All the things she had worked so hard to keep locked away … The anger, the hate, the need to kill to know she was alive … All the anguish that the Lich King once instilled in her – it all came back. Flip a switch and ypu turn the killing machine on again.

Zavannah left the farm to Geist. Perhaps she can make something out of it, perhaps even gain acceptance. The hunger – the never ending famine in her soul – has gripped her, yet again. The death screams of orcs and blood elves on the Fields of Strife in Alterac Valley keeps her going. Forward, ever forward. Yet.

Whenever the battle is over, she stands there, terrible, Death incarnate. She stands there, face covered by a monstrous helmet. She stands there. Bloodsoaked, trembling with exhaustion and exhilaration pounding through her muscles and veins. She stands there, alone, in the cold of Alterac Valley …

And miss her farm.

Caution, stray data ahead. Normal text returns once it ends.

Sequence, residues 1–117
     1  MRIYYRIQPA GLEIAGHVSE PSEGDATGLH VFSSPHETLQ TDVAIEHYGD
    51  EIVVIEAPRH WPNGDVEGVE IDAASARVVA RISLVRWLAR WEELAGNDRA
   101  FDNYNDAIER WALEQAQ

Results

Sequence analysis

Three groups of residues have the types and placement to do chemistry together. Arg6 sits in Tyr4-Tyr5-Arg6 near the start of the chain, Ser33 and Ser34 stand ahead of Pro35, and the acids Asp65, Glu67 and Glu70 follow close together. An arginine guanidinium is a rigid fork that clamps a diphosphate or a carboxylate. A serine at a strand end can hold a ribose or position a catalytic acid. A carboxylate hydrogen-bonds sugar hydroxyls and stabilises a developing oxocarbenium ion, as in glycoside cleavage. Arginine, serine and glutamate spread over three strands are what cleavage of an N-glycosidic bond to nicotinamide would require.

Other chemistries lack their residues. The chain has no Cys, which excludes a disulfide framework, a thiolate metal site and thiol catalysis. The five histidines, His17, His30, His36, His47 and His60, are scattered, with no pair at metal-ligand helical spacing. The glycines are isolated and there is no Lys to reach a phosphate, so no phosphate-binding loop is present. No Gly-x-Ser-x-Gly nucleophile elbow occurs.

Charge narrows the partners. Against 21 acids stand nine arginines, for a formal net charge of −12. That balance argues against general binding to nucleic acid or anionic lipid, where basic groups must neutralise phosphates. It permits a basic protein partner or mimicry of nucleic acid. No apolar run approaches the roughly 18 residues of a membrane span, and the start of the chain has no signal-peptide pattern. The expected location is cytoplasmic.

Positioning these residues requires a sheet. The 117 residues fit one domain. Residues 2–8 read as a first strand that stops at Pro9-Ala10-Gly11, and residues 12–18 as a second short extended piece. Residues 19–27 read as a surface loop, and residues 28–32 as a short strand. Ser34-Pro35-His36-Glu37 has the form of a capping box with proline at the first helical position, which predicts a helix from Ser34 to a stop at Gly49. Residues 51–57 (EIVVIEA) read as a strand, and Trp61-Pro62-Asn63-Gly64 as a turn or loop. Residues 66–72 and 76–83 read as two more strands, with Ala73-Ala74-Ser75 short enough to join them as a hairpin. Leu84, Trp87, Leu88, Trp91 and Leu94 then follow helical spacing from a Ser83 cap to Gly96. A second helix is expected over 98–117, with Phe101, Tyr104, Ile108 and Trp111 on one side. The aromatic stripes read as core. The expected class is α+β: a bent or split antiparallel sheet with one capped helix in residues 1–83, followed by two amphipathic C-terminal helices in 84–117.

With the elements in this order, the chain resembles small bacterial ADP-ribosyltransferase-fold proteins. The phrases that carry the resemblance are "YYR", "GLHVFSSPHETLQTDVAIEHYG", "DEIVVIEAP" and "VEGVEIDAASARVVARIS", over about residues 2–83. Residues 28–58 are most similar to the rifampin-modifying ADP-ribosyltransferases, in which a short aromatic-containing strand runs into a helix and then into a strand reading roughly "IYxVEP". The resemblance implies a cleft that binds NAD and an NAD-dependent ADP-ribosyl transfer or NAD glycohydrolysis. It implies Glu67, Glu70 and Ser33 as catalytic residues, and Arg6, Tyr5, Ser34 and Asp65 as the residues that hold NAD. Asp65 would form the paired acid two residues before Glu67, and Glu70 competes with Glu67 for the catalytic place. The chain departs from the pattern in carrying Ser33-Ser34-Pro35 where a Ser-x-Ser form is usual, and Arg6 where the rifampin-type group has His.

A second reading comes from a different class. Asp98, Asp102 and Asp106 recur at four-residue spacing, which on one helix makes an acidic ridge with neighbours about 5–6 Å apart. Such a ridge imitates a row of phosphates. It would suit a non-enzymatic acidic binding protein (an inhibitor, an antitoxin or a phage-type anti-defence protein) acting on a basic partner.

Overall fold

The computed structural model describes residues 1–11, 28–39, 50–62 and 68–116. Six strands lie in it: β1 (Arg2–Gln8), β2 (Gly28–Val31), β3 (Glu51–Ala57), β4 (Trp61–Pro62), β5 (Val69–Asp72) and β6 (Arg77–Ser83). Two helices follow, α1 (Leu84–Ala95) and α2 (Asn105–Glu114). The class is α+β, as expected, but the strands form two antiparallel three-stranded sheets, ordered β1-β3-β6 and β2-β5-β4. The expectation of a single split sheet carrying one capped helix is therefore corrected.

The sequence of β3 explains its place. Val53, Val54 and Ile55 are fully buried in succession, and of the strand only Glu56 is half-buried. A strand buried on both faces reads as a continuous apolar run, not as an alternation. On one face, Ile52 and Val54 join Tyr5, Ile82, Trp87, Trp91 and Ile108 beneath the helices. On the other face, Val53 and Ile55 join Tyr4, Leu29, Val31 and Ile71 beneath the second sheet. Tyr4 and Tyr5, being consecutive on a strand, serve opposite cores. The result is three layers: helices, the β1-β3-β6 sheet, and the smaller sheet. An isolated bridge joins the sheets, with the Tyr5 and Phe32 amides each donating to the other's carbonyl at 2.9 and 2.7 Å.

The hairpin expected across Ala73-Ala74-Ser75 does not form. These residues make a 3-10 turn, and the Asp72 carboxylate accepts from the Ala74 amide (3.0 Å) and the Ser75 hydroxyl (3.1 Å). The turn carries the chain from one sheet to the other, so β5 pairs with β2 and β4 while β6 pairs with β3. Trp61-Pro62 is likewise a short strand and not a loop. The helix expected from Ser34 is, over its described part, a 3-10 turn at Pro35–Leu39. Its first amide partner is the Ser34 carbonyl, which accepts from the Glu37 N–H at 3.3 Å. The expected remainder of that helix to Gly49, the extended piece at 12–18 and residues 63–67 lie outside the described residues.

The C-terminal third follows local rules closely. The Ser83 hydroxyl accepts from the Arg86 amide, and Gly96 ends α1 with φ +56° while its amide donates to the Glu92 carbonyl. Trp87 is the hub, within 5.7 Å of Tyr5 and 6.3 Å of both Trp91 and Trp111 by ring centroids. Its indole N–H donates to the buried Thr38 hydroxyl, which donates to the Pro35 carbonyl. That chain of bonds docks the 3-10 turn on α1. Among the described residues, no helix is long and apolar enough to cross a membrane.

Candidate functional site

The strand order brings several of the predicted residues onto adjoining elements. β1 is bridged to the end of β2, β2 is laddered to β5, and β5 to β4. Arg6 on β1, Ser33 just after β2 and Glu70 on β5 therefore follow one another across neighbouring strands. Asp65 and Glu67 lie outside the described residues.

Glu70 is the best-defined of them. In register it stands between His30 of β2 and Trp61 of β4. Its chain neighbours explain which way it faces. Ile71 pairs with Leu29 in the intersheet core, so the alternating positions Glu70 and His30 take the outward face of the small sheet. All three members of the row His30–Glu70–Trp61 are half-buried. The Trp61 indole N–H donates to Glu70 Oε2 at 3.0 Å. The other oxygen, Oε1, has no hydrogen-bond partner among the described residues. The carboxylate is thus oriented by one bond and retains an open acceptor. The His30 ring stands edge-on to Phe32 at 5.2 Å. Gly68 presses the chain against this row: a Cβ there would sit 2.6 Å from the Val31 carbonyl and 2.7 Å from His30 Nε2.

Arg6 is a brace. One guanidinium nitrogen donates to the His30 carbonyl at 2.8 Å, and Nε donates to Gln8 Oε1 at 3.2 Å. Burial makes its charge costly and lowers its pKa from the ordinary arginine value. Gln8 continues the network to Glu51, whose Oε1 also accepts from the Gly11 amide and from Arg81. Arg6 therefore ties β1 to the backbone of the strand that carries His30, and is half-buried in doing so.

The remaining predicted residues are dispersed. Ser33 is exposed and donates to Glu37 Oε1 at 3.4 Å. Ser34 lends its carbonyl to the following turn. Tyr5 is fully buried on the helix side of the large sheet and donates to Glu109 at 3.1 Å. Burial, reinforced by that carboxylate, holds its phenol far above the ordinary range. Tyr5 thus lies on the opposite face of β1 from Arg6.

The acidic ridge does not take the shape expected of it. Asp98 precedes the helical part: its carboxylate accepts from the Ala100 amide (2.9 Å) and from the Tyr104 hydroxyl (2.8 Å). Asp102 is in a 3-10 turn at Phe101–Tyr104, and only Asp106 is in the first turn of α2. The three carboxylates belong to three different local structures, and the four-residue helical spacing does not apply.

Geist Alpha


Farmhand Mmmmmm’s magnificent tale
(Translated by Farmer Zavannah)

“My new master takes me to new places. We were not allowed inside.”

Mmmmhmmmhmmm (A short prologue)

Mmmm … Mmmhmm, mmm grmmm! Mmmm mmm mmm-mmmm!? Mmmm! Mmmgrrrmmm. Mmmm-ahaaa ha haaaaa! Mmmm! Mmm mmm mmhmm ha haaaaa! Mmmgrmmm! Mmmmmm mmhmmm mhhmmm! Aaah ha haaaaa! Mhhhmmm hmmm mmm? Mmmm! Mmm ..mmm-mmm-aa-mmm-ah! Mmmm!

So, yes … The adventures of Farmhand Mmm. Actually, It’s … my … name is Tim. Or so we claim. It’s short for Timira, a name of unknown origin but most likely the dominant part of muscle memory (I am, and I have found this to be extremely important as of late, also female).

As mosts geists, Tim isn’t a single reanimated former person. Tim also rarely thinks of itself as “I” (allthough a certain individuality has started to emerge over time). Tim consist of many persons. Therefore it often refer to itself as “them”, “we” or simply “legion”. A geist is many. We are many. We – are (a) legion.